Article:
As the number of inmates increases, Florida will have to build 10 more prisons in five years just to keep up. The bulging prisons are a result of criminal justice policies that get passed in a virtual information vacuum. Legislators adopt new criminal laws and enhance penalties on existing ones without considering how their handiwork impacts the system as a whole. Two years ago there was an unsuccessful attempt to create a fact-finding panel to comprehensively study the state's sentencing policies. Now lawmakers should try again to get a better view of the entire system.
Florida spends more than $20,000 to keep someone in prison for a year, and the prison population exceeds 100,000. The state incarcerates a higher proportion of nonviolent offenders than it did 15 years ago, and the costs outweigh the benefits.
Pinellas-Pasco State Attorney Bernie McCabe and Pinellas-Pasco Public Defender Bob Dillinger both point to the same change in law that greatly increased their workload. When the Legislature enhanced the penalties for the crime of driving on a suspended license from a misdemeanor to a felony upon a third offense, the number of defendants facing incarceration shot up. McCabe says he saw 70 new felonies a month in Pinellas County and no new funding to meet the extra demands. In 2008, more people were sentenced to county jail in Florida for that driving offense than any other except drugs or theft. It's an unjustifiable drain on resources.
Had the Sentencing Policy Advisory Council passed by the Senate two years ago been established, it could be pointing out anomalies like this. The panel was to take a holistic approach, issuing findings and recommendations on all manner of sentencing and incarceration policies. But the House refused to go along. The compromise was the establishment of a Correctional Policy Advisory Council that would look at what the prison system is doing and the effectiveness of various Department of Corrections programs. Yet the council has never met and is scheduled to be abolished next year. There is no money for staff to do the work.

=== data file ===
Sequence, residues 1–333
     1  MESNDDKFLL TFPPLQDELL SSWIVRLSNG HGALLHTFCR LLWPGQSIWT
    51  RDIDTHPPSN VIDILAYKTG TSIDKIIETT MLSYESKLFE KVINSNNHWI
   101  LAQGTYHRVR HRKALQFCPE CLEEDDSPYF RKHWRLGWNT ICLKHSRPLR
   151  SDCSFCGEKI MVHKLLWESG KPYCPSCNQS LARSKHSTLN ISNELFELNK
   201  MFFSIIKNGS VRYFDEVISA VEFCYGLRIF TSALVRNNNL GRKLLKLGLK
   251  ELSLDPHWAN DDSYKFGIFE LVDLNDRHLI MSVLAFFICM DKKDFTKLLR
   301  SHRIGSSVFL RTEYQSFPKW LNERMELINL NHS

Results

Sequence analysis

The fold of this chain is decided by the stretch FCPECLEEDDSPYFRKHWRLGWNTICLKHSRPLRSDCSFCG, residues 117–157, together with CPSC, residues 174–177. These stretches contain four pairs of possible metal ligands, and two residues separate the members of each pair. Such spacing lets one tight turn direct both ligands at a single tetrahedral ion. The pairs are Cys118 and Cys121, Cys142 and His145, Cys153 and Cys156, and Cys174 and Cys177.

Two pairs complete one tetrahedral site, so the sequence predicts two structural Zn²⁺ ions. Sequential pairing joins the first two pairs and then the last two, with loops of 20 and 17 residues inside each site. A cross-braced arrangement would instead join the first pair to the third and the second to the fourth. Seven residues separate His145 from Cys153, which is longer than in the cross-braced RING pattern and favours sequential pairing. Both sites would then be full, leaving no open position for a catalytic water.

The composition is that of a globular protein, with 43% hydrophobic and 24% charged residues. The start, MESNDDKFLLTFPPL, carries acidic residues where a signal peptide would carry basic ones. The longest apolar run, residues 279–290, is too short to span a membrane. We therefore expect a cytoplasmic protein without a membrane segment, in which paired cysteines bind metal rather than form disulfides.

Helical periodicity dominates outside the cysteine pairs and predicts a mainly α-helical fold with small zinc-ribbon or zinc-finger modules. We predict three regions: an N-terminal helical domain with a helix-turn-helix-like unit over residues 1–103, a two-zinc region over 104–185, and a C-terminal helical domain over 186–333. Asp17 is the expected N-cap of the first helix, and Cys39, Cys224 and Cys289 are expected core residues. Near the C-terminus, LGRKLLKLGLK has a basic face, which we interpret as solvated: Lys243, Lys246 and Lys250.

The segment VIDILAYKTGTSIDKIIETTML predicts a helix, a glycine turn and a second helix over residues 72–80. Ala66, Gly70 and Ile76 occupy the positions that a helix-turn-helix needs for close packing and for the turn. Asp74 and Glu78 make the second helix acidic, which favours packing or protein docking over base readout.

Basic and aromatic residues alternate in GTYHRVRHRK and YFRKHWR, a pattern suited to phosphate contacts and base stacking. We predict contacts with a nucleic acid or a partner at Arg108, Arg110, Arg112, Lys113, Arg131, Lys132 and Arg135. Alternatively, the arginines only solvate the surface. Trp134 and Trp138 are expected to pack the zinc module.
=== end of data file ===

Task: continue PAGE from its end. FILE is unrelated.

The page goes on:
Sen. Victor Crist, R-Tampa, chairman of the Senate Criminal Justice Appropriations Committee, wants to prod the council to start meeting. He and Sen. Paula Dockery, R-Lakeland, who chairs the Committee on Criminal Justice, should also push to expand the panel's mission to look more like the original sentencing council.
There seems to be a spreading acceptance among Republicans that the state can no longer afford its lock-'em-up approach to criminal justice. In his $2.5 billion budget proposal for corrections, Gov. Charlie Crist is supporting expanded re-entry programs as a way to reduce recidivism. The programs operate with work-release centers, assisting inmates with job training and services to help them re-enter society upon release. A second look is also being given to a bill to give youthful offenders a chance to have a lengthy sentence reduced.
Florida's prison population has doubled since 1993. There are ways to sensibly slow this growth, and some ideas will be explored during the coming session. But without better information, there is no way for lawmakers to make educated judgments.
Building more prisons shouldn't be Florida's primary criminal justice strategy. It appears some of the state's leaders are finally starting to agree.